They then sang, in a rude manner, a Gaelic song. The only word I could distinguish was Inch Caillach, the burying place of Clan Alpine. They told us it was the answer of a Highland girl to a foreign lord, who wished to make her his bride. Perhaps, like the American Indian, she would not leave the graves of her fathers. As we drew near the eastern end of the lake, the scenery became far more beautiful. The Trosachs opened before us. Ben Ledi looked down over the “forehead bare” of Ben An, and, as we turned a rocky point, Ellen’s Isle rose up in front. It is a beautiful little turquoise in the silver setting of Loch Katrine. The northern side alone is accessible, all the others being rocky and perpendicular, and thickly grown with trees. We rounded the island to the little bay, bordered by the silver strand, above which is the rock from which Fitz-James wound his horn, and shot under an ancient oak which flung its long grey arms over the water; we here found a flight of rocky steps, leading to the top, where stood the bower erected by Lady Willoughby D’Eresby, to correspond with Scott’s description. Two or three blackened beams are all that remain of it, having been burned down some years ago, by the carelessness of a traveler.
The mountains stand all around, like giants, to “sentinel this enchanted land.” On leaving the island, we saw the Goblin’s Cave, in the side of Benvenue, called by the Gaels, “Coirnan-Uriskin.” Near it is Beal-nam-bo, the pass of cattle, overhung with grey weeping birch trees. Here the boatmen stopped to let us hear the fine echo, and the names of “Rob Roy,” and “Roderick Dhu,” were sent back to us apparently as loud as they were given. The description of Scott is wonderfully exact, though the forest that feathered o’er the sides of Benvenue, has since been cut down and sold by the Duke of Montrose. When we reached the end of the lake it commenced raining, and we hastened on through the pass of Beal-an-Duine, scarcely taking time to glance at the scenery, till Loch Achray appeared through the trees, and on its banks the ivy-grown front of the inn of Ardcheancrochan, with its unpronounceable name.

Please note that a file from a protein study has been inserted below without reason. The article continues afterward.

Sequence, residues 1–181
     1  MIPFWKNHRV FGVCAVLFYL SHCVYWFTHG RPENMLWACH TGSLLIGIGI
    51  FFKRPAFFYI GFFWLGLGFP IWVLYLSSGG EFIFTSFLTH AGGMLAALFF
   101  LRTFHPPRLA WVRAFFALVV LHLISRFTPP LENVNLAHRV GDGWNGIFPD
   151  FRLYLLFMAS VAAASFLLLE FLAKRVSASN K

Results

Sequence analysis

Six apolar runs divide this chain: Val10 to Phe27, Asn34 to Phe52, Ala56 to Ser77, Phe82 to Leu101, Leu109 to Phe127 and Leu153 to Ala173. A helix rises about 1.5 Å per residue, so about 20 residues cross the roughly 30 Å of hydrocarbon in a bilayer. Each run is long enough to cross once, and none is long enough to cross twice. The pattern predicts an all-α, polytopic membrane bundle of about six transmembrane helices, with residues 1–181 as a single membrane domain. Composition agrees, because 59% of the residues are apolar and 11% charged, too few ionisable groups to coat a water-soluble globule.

The Burns festival.
We passed a glorious summer morning on the banks of Loch Katrine. The air was pure, fresh and balmy, and the warm sunshine glowed upon forest and lake, upon dark crag and purple mountain-top. The lake was a scene in fairy-land. Returning over the rugged battle-plain in the jaws of the Trosachs, we passed the wild, lonely valley of Glenfinlas and Lanric Mead, at the head of Loch Vennachar, rounding the foot of Ben Ledi to Coilantogle Ford. We saw the desolate hills of Uam-var over which the stag fled from his lair in Glenartney, and keeping on through Callander, stopped for the night at a little inn on the banks of the Teith. The next day we walked through Doune, over the lowlands to Stirling. Crossing